[erlang-questions] Idiomatic Erlang, style/performance question

Richard A. O'Keefe <>
Fri Jun 20 06:23:49 CEST 2008

On 19 Jun 2008, at 8:30 am, Circular Function wrote:
> Is there a styleguide somewhere on Erlang?

"Do what Joe Armstrong does in his book."

> Hmm while writing I got a thought. Is the last function tail- 
> recursive?
> I have only heard that term but never used it.
> Is tail-recursion faster or uses less memory, what is the advantage/ 
> disadvantage?

I prefer the term "Tail-Call Optimisation" because it is more accurate.
The idea (as explained in "Lambda - the Ultimate Goto") is that if the
dynamically last thing a function does (in any language) is to return
the result of another function call, then there is no point in keeping
the current stack frame.  You might as well arrange for the new
function to return directly to the original caller.  Think of *all*
tail calls as "argument binding + GOTO".

It is always better if a compiler does tail call optimisation  
than if it doesn't.  Even the C compiler I normally does it.  (It may  
be a coincidence that the machine is a SPARC where stack frames are
larger than you would think.)  It doesn't cost you anything in time, and
it's a win in (stack) space.  [I am ignoring debugging issues here,  
is why Smalltalk doesn't do TCO.]

However, there is a *different* question, which is whether writing a
function so as to exploit tail call optimisation is always a win over
writing in some other fashion.  And that has the answer, "no, sometimes
one way is better, sometimes the other, depending on what you are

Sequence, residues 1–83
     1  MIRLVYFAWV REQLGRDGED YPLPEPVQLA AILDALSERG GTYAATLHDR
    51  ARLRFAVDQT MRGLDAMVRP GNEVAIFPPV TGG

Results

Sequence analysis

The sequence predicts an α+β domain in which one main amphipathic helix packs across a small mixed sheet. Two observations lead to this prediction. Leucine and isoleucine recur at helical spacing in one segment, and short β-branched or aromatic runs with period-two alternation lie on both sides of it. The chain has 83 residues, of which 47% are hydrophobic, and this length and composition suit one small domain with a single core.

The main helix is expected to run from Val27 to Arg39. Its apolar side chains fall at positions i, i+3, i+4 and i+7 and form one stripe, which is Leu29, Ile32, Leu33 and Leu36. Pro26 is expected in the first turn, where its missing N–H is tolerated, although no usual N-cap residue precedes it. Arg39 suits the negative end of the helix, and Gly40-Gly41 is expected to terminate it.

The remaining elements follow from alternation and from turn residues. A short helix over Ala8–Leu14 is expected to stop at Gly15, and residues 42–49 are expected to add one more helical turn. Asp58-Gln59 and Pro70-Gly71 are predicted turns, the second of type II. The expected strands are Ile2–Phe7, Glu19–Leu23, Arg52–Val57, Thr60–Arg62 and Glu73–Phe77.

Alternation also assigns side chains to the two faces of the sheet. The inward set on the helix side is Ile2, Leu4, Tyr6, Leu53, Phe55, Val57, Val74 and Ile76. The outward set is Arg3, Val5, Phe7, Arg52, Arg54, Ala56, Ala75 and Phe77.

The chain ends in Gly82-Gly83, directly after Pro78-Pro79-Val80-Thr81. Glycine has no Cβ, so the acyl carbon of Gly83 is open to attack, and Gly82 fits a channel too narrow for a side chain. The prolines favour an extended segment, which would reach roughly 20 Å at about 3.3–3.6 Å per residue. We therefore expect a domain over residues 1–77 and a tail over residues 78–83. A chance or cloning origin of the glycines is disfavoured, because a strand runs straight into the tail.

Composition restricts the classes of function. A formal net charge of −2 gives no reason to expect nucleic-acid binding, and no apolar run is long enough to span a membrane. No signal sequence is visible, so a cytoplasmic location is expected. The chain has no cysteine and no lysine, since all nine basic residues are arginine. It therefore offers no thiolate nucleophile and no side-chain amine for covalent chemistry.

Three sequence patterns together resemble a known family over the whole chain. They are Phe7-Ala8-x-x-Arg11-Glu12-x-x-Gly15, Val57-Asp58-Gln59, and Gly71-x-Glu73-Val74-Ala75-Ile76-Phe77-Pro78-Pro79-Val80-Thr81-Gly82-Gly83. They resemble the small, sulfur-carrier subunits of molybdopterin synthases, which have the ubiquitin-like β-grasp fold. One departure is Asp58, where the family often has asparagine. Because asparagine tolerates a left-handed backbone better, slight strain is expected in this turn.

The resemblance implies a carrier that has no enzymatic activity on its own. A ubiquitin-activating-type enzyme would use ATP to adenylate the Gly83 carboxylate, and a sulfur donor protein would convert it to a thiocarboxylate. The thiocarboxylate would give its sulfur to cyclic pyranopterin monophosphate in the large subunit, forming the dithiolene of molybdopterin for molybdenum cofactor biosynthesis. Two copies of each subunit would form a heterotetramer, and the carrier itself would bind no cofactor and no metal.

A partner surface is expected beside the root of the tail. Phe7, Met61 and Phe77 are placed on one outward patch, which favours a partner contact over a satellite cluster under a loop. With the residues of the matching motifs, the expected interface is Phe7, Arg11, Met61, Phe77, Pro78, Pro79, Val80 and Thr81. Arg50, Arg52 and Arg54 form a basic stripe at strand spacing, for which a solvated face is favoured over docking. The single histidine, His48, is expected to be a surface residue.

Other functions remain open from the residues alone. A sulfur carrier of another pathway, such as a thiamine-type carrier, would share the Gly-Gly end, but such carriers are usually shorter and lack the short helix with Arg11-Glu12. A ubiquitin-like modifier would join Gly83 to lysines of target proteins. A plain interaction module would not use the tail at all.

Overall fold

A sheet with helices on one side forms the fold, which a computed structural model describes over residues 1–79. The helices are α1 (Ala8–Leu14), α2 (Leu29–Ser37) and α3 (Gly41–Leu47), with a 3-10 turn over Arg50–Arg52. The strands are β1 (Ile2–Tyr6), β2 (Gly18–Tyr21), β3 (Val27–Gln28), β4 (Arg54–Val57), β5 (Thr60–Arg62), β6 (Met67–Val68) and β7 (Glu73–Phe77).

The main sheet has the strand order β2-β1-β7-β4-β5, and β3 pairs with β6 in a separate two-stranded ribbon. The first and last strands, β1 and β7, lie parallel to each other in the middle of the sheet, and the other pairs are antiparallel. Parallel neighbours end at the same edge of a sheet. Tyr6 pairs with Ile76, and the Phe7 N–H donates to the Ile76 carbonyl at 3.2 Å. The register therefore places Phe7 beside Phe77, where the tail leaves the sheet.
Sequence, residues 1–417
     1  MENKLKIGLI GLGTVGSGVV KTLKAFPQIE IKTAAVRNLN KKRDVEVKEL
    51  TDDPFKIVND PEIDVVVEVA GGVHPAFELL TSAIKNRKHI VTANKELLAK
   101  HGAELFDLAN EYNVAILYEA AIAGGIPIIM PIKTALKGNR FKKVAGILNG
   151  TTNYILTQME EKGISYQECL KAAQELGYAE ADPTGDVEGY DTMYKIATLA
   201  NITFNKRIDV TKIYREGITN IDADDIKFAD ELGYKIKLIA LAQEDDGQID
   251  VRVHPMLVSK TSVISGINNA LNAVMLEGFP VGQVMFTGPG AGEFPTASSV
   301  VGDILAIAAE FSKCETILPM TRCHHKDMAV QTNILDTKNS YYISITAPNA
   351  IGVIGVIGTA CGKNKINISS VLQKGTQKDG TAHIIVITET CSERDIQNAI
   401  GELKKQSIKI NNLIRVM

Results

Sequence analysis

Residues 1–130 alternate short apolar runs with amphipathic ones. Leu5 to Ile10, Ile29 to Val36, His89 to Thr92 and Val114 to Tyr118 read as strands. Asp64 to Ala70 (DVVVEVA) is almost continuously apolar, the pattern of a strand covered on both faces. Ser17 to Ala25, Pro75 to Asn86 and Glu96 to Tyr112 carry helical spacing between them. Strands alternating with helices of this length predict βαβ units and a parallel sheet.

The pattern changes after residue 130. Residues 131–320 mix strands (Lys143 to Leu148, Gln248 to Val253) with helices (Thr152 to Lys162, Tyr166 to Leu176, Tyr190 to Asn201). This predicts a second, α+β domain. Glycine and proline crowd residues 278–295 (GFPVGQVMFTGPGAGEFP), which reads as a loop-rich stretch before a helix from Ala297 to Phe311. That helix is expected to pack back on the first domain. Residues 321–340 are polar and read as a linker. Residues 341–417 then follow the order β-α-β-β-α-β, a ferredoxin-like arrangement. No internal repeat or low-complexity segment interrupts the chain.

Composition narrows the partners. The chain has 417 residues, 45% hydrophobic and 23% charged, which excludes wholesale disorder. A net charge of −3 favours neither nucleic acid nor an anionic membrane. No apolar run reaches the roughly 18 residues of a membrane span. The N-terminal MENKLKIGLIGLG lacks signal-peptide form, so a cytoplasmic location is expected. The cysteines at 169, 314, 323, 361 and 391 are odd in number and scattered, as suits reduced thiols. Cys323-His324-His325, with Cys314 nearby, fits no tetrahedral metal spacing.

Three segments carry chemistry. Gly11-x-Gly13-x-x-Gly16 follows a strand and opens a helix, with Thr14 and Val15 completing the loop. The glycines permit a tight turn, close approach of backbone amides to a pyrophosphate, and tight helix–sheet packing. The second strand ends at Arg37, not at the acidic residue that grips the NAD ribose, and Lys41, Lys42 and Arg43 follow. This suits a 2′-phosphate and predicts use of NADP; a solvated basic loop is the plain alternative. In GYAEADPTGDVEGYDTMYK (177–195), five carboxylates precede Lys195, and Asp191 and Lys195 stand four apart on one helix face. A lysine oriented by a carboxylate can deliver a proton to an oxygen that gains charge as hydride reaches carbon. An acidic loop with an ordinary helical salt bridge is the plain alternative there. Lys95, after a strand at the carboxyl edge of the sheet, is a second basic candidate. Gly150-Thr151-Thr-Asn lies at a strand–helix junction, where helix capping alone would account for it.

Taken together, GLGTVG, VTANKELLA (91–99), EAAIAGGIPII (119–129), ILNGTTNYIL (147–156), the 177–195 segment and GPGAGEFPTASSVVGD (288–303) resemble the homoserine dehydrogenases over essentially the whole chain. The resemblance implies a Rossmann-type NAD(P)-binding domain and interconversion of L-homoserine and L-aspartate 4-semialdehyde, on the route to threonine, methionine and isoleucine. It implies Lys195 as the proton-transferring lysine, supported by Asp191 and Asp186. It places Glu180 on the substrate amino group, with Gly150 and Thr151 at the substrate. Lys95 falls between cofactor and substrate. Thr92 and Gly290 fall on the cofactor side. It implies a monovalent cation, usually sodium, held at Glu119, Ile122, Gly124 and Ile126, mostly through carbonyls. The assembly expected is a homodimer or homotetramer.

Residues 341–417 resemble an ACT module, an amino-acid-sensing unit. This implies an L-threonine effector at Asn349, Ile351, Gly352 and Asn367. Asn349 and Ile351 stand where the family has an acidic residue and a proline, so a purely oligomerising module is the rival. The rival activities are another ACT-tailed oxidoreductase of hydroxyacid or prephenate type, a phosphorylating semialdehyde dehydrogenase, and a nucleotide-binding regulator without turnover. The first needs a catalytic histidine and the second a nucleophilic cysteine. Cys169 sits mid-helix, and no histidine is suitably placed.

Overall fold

The main advantage of TCO is the way it lets you think:
control structure = procedure call.  You don't have to choose between
tail recursion and iteration, because they *are the same thing*.  So
it's OK for Erlang not to offer a 'while' loop, for example.

> powerx(N, 0) -> 1;
> powerx(N, P) when is_integer(P), P > 0 ->
>         N * powerx(N, P - 1);
> powerx(N, P) when is_integer(P), P < 0 ->
>         1 / powerx(N, -P).
There are no tail calls here; after the calls to powerx/2
have finished, there is still something for the caller to do.
> powerc(N, P) ->
>         if
>                 P > 0 ->
>                         N * powerc(N, P - 1);
>                 P < 0 ->
>                         1 / powerc(N, -1 * P);
>                 P == 0 ->
>                         1
>         end.

The only change of any significance here is the PAINFULLY
EYE-JARRING indentation by 8 columns.  The stack space
required is O(N).
> power(N, P) when is_integer(P), P >= 0 ->
>         ipower(N, P, 1);
>     power(N, P) when is_integer(P), P < 0 ->
>         1/ipower(N, -P, 1).

The first call here is a tail call, the second is not.
>     ipower(0, _, R) -> R;
>     ipower(N, P, R) -> ipower(N, P-1, R*N).

This is equivalent to

	ipower(N, P, R) {
	    while (P != 0) P--, R *= N;
	    return R;

The amount of stack space required is O(1).

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